While it can stand on its own, EMILE is actually the penultimate entry in a trilogy of a
thematically linked films directed by Carl Bessai, each of which addresses the question of identity.
The protagonist of each film must come to grips with issues from his or her past that have shaped his
or her life and that have had unalterable effects. It’s an issue that is universal in nature … I mean,
who hasn’t at one time or other wondered “what if…” and questioned some of the decisions made
In a nod to Ingmar Berman’s classic WILD STRAWBERRIES, EMILE centers on an
aging professor (the always reliable Ian McKellen) who has been invited to return to his homeland
(Canada) to receive an honorary degree. Estranged from his family, which consists of his niece
Nadia (Deborah Kara Unger) and her ten-year-old daughter (Theo Crane), Emile uses the visit as
an excuse to confront the past and attempt to heal the rifts of the present.
Instead of having another actor portray the younger version of McKellen’s character,
Bessai opts to have McKellen interact with the actors portraying his older brothers. The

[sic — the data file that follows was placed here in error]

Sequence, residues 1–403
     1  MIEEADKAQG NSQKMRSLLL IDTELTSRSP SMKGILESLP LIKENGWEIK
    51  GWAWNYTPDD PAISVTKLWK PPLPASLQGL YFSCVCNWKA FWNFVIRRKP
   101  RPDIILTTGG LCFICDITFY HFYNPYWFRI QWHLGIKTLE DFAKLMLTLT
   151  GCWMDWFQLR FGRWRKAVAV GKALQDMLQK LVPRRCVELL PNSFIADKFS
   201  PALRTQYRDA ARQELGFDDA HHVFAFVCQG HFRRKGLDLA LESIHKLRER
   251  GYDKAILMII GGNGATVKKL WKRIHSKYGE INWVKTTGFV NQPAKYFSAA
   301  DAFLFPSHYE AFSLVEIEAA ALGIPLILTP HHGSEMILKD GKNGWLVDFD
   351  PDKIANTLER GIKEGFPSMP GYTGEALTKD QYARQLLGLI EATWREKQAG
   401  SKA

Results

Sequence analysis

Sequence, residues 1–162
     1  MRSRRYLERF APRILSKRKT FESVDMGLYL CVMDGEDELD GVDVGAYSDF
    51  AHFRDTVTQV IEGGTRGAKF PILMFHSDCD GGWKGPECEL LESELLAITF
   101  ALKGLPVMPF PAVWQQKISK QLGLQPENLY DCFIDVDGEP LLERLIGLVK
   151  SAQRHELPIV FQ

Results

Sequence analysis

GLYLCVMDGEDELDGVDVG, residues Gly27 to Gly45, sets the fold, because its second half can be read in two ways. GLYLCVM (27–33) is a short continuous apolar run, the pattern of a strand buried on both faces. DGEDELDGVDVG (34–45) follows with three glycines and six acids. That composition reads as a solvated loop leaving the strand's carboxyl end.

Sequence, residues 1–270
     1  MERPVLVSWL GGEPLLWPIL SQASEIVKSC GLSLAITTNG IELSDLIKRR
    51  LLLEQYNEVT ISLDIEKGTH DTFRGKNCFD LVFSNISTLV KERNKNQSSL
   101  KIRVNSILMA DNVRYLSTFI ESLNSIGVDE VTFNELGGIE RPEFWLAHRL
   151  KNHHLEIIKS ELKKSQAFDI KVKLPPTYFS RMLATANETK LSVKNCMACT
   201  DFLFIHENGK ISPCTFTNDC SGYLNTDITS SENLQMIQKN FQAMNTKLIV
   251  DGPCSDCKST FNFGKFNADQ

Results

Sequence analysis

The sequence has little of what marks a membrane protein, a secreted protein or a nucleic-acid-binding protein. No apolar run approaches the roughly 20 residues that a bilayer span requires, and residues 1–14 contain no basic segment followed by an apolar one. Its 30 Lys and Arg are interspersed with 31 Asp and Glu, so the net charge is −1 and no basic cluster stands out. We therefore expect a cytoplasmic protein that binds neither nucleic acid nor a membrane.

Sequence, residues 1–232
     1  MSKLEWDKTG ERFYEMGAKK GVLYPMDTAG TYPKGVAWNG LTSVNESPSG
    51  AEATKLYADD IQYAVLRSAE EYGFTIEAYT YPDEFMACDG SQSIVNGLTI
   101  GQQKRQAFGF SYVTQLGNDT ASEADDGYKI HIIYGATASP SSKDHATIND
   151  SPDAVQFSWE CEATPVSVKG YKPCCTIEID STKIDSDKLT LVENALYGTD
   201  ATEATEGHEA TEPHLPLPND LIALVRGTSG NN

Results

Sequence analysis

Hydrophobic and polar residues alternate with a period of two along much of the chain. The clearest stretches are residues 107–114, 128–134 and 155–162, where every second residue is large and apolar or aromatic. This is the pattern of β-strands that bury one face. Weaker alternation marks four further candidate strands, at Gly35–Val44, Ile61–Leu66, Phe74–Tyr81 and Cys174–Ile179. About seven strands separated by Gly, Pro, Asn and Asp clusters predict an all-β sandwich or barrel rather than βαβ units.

theatricality of this device is a nice touch, particularly as it has been realized by Bessai’s work
as cinematographer. Past and present blend seamlessly and the audience is given a direct insight
into Emile’s mind. Unfortunately, the scenes with his brothers, the abusive Carl (Chris William
Martin) and the sensitive would-be writer Freddy (Tygh Runyan) don’t carry the emotional
weight that the writer-director intends.
What does work, though, are the trio of performances by McKellen, Unger and young
Theo Crane. McKellen plumbs the depths of a man so intent on moving on and escaping what he
perceived as a humdrum life at all costs, and delivers a fine performance. Unger matches him as
his unhappy niece, a woman for whom trust is a precious commodity. Recovering from a failed
marriage, she tentatively takes steps to change her life by letting her uncle in. Crane is also fine
as her precocious daughter (and the young Nadia seen in flashbacks).
EMILE has some moments, but overall, there's a studied quality to the film that undermines
MPAA Rating: R for language
Running time: 92 mins.
|© 2005 by C. E. Murphy. All Rights Reserved.